After a series of successful applications of the Corwin doctrine in Delaware's Court of Chancery, a plaintiff has finally survived a motion to dismiss where Corwin was applied. In In re Saba Software Stockholder Litigation, the Court of Chancery held, for the first time, that a shareholder-approved all-cash merger did not satisfy Corwin. While limited by the unique facts at issue, the Saba decision provides useful guidance to practitioners as to the parameters of Corwin when analyzing the likelihood of success of challenges to third party mergers. The court's decision in denying a motion to dismiss in Saba, coupled with the court's decision dismissing a complaint under Corwin in In re Columbia Pipeline Group Stockholder Litigation, provide great insight into what constitutes material disclosures in the post-Corwin world.
In 2014, the SEC filed a complaint against Saba Software Inc., alleging that a Saba subsidiary engaged in millions of dollars of financial fraud between 2008 and 2012. Saba was accused of overstating its pretax earnings by $70 million. These accusations prompted Saba to make repeated promises to its stockholders that the company would restate its earnings, however, Saba never fulfilled those promises. Prior to the SEC complaint, in 2013, NASDAQ suspended trading of Saba stock due to Saba's failure to restate its financial earnings. NASDAQ ultimately delisted Saba in June 2013, leaving Saba's stock to trade OTC. In September 2014, Saba announced that it reached a settlement with the SEC which, in addition to paying a $1.75 million penalty, would require Saba to restate its financial earnings by Feb. 15, 2015. Failure to meet the Feb. 15, deadline would result in the SEC deregistering Saba's stock. Days following the announcement of the SEC settlement, Saba's stock was trading at $14.08 per share.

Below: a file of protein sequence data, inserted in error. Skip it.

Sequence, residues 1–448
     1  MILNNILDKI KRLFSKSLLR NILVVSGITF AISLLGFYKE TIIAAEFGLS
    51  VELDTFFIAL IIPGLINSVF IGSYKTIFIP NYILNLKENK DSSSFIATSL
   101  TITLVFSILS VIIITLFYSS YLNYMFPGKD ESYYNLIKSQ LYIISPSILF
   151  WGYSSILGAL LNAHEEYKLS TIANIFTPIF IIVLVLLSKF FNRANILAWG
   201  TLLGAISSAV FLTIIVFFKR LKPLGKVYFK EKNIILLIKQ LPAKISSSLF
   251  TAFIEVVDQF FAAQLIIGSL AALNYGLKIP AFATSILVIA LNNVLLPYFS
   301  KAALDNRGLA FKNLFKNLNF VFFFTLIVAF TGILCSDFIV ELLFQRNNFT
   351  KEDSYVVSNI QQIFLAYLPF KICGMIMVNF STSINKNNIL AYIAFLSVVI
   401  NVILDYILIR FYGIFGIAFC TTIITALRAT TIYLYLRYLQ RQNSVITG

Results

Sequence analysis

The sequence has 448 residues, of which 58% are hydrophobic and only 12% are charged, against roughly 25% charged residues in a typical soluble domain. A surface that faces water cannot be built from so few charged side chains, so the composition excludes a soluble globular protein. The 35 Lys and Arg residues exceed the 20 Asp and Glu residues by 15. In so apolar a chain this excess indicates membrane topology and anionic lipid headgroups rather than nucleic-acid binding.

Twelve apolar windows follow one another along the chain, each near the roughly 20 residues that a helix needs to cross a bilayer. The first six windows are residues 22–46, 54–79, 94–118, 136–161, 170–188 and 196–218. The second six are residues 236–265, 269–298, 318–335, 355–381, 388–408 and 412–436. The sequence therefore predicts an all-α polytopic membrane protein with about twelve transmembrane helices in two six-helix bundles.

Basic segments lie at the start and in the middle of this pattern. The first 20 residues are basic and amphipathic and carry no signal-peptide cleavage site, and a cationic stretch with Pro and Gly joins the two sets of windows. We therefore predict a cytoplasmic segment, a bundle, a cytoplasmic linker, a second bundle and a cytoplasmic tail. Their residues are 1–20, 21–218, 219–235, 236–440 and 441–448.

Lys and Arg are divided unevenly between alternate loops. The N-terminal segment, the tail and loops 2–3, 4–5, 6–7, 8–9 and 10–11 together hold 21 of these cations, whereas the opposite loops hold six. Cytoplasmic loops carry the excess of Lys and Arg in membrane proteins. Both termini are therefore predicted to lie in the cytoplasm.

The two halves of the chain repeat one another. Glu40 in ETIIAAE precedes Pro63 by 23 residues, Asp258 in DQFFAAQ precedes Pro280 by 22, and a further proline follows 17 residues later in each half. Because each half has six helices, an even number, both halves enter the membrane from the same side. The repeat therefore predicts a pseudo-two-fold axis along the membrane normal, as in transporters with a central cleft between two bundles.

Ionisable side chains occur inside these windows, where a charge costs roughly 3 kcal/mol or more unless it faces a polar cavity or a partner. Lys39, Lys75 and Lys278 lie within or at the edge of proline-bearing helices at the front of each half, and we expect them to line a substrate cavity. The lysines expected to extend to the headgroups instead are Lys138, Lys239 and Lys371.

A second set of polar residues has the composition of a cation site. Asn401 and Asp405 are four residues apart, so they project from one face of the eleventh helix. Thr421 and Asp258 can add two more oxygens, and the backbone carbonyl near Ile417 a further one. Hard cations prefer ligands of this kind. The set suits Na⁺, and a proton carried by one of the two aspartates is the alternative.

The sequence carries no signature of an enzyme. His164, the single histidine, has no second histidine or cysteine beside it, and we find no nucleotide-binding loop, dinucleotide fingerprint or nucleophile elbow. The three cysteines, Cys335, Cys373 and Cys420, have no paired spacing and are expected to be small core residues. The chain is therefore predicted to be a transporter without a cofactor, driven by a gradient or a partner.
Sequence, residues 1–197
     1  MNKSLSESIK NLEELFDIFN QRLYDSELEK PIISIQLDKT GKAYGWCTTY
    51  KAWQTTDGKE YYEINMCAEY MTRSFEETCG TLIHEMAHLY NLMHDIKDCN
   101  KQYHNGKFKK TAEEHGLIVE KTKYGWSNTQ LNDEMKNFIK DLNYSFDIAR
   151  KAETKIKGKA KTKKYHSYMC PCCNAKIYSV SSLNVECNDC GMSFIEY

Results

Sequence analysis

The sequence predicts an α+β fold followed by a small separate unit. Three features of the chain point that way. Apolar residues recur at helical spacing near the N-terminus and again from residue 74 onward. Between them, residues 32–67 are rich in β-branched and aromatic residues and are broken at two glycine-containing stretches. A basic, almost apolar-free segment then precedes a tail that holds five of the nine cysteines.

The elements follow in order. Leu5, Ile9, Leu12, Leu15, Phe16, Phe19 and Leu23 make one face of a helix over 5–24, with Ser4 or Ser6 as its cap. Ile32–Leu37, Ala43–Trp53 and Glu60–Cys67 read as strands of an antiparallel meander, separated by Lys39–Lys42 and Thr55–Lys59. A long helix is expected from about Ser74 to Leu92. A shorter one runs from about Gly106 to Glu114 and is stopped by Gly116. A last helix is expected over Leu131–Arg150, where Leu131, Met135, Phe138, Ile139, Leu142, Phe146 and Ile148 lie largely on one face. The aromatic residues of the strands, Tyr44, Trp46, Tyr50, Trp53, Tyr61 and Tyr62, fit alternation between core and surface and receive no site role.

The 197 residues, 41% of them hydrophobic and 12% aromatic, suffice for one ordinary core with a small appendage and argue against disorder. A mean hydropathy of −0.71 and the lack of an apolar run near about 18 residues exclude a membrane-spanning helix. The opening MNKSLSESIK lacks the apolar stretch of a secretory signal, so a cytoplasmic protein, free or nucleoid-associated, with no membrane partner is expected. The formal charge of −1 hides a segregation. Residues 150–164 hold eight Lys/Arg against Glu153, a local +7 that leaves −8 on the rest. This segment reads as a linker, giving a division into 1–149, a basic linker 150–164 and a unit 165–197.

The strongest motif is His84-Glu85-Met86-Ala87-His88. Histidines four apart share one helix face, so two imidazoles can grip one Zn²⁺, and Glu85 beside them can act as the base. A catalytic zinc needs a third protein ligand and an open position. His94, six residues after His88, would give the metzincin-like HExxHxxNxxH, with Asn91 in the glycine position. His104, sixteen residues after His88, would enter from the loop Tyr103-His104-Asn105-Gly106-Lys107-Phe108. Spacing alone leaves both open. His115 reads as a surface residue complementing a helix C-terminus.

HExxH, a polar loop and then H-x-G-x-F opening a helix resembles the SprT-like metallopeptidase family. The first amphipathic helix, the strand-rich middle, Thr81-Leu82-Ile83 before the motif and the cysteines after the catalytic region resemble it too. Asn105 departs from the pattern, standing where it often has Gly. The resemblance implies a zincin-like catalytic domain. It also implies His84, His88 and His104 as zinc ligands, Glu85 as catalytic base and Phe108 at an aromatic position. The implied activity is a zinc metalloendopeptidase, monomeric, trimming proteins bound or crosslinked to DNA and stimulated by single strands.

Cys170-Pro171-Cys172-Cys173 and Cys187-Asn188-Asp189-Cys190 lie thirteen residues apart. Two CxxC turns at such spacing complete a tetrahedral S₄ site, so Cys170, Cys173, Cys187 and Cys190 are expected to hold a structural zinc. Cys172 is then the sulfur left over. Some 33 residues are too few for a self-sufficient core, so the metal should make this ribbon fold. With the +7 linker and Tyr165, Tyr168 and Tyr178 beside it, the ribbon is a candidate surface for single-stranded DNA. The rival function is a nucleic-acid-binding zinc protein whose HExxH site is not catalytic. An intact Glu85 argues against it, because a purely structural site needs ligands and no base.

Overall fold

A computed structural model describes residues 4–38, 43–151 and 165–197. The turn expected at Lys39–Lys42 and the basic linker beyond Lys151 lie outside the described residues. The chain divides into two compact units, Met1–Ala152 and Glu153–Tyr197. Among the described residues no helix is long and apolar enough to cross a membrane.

However, true to prior form, Saba's board determined that it would not meet the SEC's Feb. 15, 2015, deadline for restating Saba's earnings. On Dec. 15, 2014, Saba announced to its stockholders that it would not meet the SEC deadline, but added that the company was exploring its strategic alternatives. The market's reaction to this news was not positive. Saba's stock fell from $13.49 to $8.75 per share on the day of the announcement. Meanwhile, Saba explored the market for potential acquirers. Thoma Bravo made a proposal to acquire Saba at $8-$9 per share. Yet, in January 2015, Vector Capital Management L.P. arrived on the scene. Vector had provided Saba with $15 million in debt financing in 2014, and had a prior relationship with Saba's financial adviser, Morgan Stanley. Negotiations with Vector continued through the Feb. 15, 2015, SEC deadline, after which Saba's stock was deregistered. In early March 2015, Saba executed a merger agreement with Saba at $9 per share. Because of the deregistration of its stock, Saba was not required to submit its proxy to the SEC for review before sending to the company's stockholders in advance of the vote on the merger. Three weeks after receiving the proxy, Saba's stockholders approved the merger.